The innovative service approaches and quality accommodation experiences that Ms Salvo and her team have developed at Aria are already paying off.

“Aria is growing, with plans to expand the model nationally in the near future,” she said. “I have prepared for growth by investing in the latest technology, systems and best business practices to ensure we have the foundation to expand into a truly national company.”

But Christina Salvo is not getting ahead of herself, tailoring her ambitions for realistic market development and growth that can take advantage of any opportunities which may come up – maintaining her entrepreneurial vision.

“Embracing technology and systems to adapt to today’s global marketplace – I am confident Aria will one day be the leading name in serviced hotel style apartments,” Ms Salvo said.

Aria Serviced Apartments is an Executive Member of Victorian Leaders, the organisation fostering and mentoring the next generation of leading Victorian companies.


Prostate cancer research gets boost from Vic Leaders

AUSTRALIAN Prostate Cancer Research centre has joined Victorian Leaders as an Industry Partner to both extend the word about the personal and economic challenges of the disease and to help innovate its own business.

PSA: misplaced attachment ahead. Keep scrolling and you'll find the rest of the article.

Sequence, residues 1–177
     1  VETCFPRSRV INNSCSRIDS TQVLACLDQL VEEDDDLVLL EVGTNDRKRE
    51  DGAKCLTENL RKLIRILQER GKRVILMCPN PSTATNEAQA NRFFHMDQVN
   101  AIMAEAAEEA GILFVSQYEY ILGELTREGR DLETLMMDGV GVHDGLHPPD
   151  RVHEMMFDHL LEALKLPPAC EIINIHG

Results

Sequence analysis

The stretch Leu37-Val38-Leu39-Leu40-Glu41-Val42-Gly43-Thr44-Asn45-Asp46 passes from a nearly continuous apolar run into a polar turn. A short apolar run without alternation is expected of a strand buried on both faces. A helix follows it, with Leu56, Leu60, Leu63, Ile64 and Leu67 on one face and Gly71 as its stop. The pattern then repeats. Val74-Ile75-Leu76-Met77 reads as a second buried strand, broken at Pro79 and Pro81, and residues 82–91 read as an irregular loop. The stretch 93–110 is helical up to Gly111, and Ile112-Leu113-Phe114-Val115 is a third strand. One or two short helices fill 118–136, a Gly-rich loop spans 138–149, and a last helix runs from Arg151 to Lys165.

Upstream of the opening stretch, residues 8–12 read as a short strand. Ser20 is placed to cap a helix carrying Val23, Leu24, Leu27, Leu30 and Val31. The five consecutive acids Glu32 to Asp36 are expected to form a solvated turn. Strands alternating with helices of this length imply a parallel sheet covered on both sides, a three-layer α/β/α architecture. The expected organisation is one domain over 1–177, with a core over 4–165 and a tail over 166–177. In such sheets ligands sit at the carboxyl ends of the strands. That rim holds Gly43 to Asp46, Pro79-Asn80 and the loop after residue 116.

Located in North Melbourne Victoria, the APCR Prostate Cancer Centre opened in November 2014 with a unique set of credentials and a new approach to men’s health. 

APCR partnership manager, Kate Hatton said the centre is now the first bulk-billing public healthcare centre dedicated to the comprehensive treatment of prostate cancer and men’s health issues.

“Prostate cancer remains the second most common cancer causing death in Australia, a statistic that’s the driving force behind Australian Prostate Cancer Research as we research and develop better treatments and models of care to support Australian men and their families,” Ms Hatton said.

“It was developed as a blueprint model of care for patients in the public healthcare system.  Our unique one-stop-shop model of care provides integrated, multidisciplinary and long term support for all men.

“For our patients this means efficient service, reduced waiting times, quicker diagnosis and no multiple appointments at different centres. The Men’s Centre allows patients to access our team of doctors, specialists, specialist nurses all in one place.”

Ms Hatton said through APCR’s partnership with Victorian Leaders, its members can now access free comprehensive health checks for all males staff. APCR is also encouraging Victorian Leaders businesses to collaborate and extend the reach of the service.

“It is an opportunity to align your business with a new area of health care for Australian men,” Ms Hatton told a recent Victorian Leaders meeting.

“We hope we can help you to build a healthy, happy and loyal workforce through our support of your staff.

“We recommend that all men over 40 years old have a baseline prostate test and general health check and men over 50 years to have their PSA levels checked annually.”